To see true Venetian craftsmanship at its finest, look no further than the Bevilacqua Textile Workshop in Santa Croce, where some of the world’s most beautiful and desirable fabrics have been produced for more than two hundred years.
Venice’s history as the hub of the luxury cloth trade dates as far back as the thirteenth century, when the city’s maritime traders began importing raw silk from the east.
By the sixteenth century, silk production was one of Venice’s most important industries, with around 30,000 residents involved in the trade. When Napoleon invaded in 1797, however, he closed the historic mills to reduce competition with France’s silk industry, and today the only firm that still produces woven silk and velvet in the traditional way is the Luigi Bevilacqua Company, which is owned and run by a family that can trace its weaving lineage back to the 1400s.
Entering the workshop is like stepping back in time; a dimly-lit building tightly-packed with enormous 18th century wooden looms that originally belonged to the Silk Weaving School of the Republic of Venice. Here, a small team of highly-trained female weavers work away intensively, using acute concentration and painstaking skill to manipulate the thousands of brightly coloured threads that criss-cross the looms. The resulting textiles, some of which are displayed in the showroom at the back of the workshop, are exquisite, and it is hardly surprising to learn that Bevilacqua has created textiles for clients ranging from the White House to the Royal Palace of Kuwait, Dolce & Gabbana and the Vatican. For an even fuller range of Bevilacqua’s products, including sumptuous fringed cushions, richly coloured tassels and gilt-embroidered wall-hangings, head to the company’s boutique in Campo Santa Maria del Giglio, where brothers Gianluca and Emmanuele Bevilacqua can provide further insights into the unique and precious Venetian tradition that their family continues to uphold.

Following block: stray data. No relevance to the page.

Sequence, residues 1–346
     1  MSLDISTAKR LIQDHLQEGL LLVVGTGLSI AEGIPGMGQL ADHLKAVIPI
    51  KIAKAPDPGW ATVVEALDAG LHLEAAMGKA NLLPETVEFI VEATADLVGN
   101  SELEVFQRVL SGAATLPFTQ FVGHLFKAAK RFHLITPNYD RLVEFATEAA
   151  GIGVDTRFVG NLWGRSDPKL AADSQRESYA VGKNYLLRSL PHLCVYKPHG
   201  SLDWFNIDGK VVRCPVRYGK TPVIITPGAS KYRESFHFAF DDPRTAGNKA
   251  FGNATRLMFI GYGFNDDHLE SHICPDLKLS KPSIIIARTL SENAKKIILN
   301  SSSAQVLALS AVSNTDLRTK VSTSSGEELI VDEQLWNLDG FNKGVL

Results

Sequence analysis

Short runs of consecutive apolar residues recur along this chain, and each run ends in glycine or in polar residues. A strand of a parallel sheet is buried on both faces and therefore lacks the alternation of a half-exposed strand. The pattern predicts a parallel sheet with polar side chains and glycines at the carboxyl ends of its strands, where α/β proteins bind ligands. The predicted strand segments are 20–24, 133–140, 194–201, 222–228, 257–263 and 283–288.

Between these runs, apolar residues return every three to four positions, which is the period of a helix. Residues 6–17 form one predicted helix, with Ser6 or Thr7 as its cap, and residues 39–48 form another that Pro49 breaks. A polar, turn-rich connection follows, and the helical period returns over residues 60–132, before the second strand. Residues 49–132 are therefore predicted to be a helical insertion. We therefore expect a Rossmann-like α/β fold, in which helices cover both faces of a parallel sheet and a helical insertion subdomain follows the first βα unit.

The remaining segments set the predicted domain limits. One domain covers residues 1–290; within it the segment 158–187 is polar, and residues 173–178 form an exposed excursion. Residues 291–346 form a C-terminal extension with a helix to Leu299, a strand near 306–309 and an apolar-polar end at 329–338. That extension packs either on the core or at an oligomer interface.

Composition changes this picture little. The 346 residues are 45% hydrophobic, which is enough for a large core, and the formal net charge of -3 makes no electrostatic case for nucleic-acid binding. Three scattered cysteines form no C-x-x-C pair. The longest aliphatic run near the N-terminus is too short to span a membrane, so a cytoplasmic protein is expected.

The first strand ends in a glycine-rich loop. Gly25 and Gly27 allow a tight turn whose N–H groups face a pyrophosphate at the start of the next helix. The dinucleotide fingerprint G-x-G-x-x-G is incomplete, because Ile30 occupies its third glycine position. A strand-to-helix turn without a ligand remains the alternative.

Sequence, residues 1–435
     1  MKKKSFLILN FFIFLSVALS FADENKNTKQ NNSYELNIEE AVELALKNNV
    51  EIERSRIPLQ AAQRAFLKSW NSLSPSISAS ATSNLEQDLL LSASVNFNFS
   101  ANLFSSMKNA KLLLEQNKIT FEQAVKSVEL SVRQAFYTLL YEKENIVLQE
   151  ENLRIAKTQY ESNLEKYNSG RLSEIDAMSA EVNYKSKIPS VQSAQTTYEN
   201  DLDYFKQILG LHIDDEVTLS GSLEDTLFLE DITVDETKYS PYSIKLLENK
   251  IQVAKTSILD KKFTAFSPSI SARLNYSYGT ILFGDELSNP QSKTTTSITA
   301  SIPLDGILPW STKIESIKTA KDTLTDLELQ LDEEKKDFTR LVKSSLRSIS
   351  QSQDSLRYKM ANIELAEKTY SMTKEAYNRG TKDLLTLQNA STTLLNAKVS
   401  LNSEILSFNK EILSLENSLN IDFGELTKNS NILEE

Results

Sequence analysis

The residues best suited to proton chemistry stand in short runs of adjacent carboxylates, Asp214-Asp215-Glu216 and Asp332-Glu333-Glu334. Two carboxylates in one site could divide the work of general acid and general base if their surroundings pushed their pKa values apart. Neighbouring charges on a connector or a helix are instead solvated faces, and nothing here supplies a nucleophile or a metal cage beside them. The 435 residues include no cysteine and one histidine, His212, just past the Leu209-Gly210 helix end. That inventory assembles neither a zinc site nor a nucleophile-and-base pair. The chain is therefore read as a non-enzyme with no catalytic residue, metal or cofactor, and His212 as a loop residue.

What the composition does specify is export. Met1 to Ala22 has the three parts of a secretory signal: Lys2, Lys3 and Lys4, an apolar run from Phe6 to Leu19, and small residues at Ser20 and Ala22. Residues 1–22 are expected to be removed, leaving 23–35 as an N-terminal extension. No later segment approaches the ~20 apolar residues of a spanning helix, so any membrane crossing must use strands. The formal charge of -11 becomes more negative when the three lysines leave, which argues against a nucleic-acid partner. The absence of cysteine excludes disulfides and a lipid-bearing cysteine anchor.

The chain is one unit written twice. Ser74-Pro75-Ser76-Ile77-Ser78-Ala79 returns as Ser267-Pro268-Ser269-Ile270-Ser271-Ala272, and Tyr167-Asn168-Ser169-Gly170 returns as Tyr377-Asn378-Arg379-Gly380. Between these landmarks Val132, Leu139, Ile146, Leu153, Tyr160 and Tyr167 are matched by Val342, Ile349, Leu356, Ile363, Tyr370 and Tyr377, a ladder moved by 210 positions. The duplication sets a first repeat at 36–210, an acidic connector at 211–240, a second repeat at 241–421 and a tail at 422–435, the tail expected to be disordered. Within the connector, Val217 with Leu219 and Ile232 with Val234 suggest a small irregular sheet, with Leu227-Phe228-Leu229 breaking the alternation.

DON’T MISS: ‘Rita Kernn-Larsen: Surrealist Paintings’ at the Peggy Guggenheim Collection until 26 June 2017
This gem of an exhibition is highly recommended as an introduction to the work of Danish Surrealist artist Rita Kernn-Larsen (1904-1998), whom Peggy Guggenheim met in Paris in 1937. Featuring a tightly-curated selection of works that evoke a combination of memories and dreams, the exhibition sheds light on how – in the Surrealist vein – Kernn-Larsen used an automatic painting method, aiming to generate a flow of images arising from deep within the subconscious. Although Kernn-Larsen was one of the most noteworthy female members of the Surrealist movement, to this day she remains little-known; this is the first important presentation of her Surrealist work outside of her native Scandinavia since her one-woman exhibition at Peggy Guggenheim’s London gallery in 1938.